# Programming oddities

### From GHER

(→Numpy: arr.max() can return NaN) |
(→Numpy: arr.max() can return NaN) |
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- | == Numpy: arr.max() can return NaN == | + | == Numpy: arr.max() or arr.min() can return NaN == |

Numpy's max can return a NaN as maximum value: | Numpy's max can return a NaN as maximum value: | ||

Line 125: | Line 125: | ||

Out[1]: nan | Out[1]: nan | ||

- | + | unlike python building max function: | |

In [10]: max([1.,NaN]) | In [10]: max([1.,NaN]) | ||

Out[10]: 1.0 | Out[10]: 1.0 | ||

- | + | and also unlike Fortran and Matlab. For a sane behaviour, one should use [http://docs.scipy.org/doc/numpy/reference/generated/numpy.nanmax.html numpy.nanmax()]. | |

+ | This also affects arr.min() and numpy.min(arr). | ||

= Shell = | = Shell = |

## Latest revision as of 12:57, 16 September 2016

## Contents |

# Matlab

## ndims

For scalars and vectors, ndims always returns 2.

>> ndims(0) ans = 2

>> ndims([1 2 3 4]) ans = 2

## isvector

>> isvector(1) ans = 1

## structures as matrices

Even structures are matrices:

s.field = 1;

You can index them and query the dimensions (which is also two):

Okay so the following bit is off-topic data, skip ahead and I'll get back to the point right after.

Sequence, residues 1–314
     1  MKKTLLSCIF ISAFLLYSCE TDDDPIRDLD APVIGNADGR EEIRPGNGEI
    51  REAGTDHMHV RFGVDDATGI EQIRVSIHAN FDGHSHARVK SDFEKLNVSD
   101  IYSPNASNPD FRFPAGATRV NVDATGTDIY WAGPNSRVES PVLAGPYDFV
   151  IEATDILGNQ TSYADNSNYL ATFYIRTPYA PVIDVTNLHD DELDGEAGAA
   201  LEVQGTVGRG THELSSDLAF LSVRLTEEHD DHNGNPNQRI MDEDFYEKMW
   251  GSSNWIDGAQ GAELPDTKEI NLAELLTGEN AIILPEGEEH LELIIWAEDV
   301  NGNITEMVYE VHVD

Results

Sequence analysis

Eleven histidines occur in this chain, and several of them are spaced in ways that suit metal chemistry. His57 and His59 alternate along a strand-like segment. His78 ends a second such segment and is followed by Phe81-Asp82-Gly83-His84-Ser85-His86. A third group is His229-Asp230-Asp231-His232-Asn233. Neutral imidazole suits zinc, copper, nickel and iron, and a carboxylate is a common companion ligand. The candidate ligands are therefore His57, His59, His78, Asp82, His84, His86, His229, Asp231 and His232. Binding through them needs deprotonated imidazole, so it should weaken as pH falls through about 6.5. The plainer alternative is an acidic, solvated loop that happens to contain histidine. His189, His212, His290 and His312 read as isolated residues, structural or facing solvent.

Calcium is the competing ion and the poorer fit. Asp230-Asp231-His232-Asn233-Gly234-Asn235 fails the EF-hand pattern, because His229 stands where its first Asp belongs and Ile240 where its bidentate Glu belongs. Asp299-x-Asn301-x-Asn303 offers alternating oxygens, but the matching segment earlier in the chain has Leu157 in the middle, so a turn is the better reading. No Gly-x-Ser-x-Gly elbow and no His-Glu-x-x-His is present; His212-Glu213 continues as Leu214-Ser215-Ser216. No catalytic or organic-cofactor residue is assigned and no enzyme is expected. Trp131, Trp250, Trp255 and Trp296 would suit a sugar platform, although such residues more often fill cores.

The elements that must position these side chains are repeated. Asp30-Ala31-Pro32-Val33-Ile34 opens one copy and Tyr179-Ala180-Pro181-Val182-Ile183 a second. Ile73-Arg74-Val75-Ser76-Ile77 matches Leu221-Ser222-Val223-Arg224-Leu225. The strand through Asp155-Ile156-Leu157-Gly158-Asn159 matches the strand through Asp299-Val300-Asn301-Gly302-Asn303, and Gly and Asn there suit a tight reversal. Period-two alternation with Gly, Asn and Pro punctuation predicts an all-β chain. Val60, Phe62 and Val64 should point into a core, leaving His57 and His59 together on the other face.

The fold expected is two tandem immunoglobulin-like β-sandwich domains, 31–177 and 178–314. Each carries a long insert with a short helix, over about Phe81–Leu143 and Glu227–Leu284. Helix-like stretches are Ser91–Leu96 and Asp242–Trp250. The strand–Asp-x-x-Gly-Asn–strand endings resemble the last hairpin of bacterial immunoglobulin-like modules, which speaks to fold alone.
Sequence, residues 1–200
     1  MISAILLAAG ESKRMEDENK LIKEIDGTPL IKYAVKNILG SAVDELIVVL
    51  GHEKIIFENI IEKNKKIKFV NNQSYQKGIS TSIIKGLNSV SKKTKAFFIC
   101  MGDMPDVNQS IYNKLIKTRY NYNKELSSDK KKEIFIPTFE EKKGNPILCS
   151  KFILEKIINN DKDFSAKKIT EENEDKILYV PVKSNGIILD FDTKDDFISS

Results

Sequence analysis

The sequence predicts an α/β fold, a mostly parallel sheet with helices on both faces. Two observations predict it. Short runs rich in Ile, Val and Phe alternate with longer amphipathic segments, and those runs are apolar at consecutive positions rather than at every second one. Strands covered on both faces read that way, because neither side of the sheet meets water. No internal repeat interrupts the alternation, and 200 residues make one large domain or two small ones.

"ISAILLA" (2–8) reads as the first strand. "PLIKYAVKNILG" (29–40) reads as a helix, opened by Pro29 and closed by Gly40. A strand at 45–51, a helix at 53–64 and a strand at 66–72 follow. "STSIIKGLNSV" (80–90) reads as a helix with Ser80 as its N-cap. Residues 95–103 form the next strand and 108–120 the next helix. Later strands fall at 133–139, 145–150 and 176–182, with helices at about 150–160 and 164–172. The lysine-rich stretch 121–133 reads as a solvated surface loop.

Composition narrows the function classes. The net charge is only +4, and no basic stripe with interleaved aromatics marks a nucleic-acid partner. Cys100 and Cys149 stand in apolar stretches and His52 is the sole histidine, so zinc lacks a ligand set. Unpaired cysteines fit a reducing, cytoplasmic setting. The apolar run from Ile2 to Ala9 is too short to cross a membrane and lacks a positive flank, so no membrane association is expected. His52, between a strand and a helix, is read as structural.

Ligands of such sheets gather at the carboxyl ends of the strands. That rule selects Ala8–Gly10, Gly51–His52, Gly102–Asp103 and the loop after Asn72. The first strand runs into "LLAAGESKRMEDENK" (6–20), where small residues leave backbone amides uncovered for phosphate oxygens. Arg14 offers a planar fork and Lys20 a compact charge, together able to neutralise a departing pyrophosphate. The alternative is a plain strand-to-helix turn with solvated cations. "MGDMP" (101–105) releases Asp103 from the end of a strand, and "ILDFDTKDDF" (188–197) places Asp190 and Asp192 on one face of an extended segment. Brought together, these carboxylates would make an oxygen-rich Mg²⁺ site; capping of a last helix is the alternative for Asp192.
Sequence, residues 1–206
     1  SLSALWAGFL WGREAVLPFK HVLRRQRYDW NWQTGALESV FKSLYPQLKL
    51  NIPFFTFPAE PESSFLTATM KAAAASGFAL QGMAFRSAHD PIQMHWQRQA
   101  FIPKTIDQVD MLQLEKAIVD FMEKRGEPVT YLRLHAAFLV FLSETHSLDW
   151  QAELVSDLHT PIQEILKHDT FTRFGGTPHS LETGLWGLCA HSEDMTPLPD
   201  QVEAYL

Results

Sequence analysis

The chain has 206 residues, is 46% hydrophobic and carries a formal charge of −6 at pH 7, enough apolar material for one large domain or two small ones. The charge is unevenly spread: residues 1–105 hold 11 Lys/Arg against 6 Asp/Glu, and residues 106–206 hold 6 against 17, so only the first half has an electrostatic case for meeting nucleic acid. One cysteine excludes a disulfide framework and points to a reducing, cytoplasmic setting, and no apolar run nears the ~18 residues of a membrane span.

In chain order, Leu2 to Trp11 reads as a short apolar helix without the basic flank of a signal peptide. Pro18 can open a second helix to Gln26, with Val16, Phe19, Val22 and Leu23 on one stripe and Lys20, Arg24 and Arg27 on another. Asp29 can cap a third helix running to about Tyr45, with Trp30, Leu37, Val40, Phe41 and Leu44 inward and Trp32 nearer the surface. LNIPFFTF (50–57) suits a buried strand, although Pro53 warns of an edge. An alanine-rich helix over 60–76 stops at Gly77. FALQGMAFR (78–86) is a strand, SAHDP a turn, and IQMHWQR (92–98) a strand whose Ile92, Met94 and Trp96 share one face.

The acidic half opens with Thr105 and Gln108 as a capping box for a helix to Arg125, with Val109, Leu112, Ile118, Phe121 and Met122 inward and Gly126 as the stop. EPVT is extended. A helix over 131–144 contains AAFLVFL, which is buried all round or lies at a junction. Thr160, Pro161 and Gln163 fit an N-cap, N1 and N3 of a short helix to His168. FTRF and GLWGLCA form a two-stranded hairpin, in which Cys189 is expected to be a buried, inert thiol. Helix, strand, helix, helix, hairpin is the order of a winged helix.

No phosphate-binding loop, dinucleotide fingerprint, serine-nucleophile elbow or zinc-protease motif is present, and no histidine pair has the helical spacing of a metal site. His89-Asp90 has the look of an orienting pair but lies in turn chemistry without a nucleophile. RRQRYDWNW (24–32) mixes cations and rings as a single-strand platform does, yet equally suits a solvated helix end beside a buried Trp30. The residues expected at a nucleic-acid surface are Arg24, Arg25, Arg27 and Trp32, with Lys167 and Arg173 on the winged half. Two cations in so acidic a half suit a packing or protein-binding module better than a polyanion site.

s(1) ndims(s)

So every thing in mat(trix)lab is a matrix; Even function handle (tested in octave):

ismatrix (@(x) x) ans = 1

## datestr

Matlab 7.10.0.499 (R2010a):

>> datestr([1495 1 4 0 0 0]) ans = 03-Feb-0004 01-Jan-0000 04-Jan-0000 00-Jan-0000 00-Jan-0000 00-Jan-0000 >> datestr([1495 1 4 0 0 1]) ans = 04-Jan-1495 00:00:01

What happened the 4th January 1495? But then:

>> datestr([1495 1 5 0 0 0]) ans = 05-Jan-1495

# Appending data to an empty array

For a vector is works as expected:

>> A = []; >> A(end+1) = 1 A = 1 >> whos A Name Size Bytes Class Attributes A 1x1 8 double

However, for a 3d-array, we get 2 elements (instead of 1) in matlab R2013a.

>> A = []; >> A(1,1,end+1) = 1; A(:,:,1) = 0 A(:,:,2) = 1 >> whos A Name Size Bytes Class Attributes A 1x1x2 16 double

# Python

## sqrt is also calculated on mask value in a Masked array

In numpy version 1.6.1, numpy.sqrt is also applied to masked values and returns a warning if these are negative:

import numpy norm2 = numpy.ma.array([1, -2, 3], mask = [0, 1, 0]) numpy.sqrt(norm2) /usr/bin/ipython:1: RuntimeWarning: invalid value encountered in sqrt

This behavior is inconsistent since the ** operators applies only on non-masked value:

b = ma.array([1, -2, 3], mask = [0, 1, 0]) b2 = b**2 b2.data Out[5]: array([ 1, -2, 9])

Thus numpy.sqrt(b**2) returns this warning.

A work-around:

valid = numpy.logical_not(norm2.mask) norm2[valid] = numpy.sqrt(norm2[valid])

## Numpy: arr.max() or arr.min() can return NaN

Numpy's max can return a NaN as maximum value:

In [1]: array([1.,NaN]).max() Out[1]: nan

unlike python building max function:

In [10]: max([1.,NaN]) Out[10]: 1.0

and also unlike Fortran and Matlab. For a sane behaviour, one should use numpy.nanmax(). This also affects arr.min() and numpy.min(arr).

# Shell

i=010 let i=$i+1 echo $i 9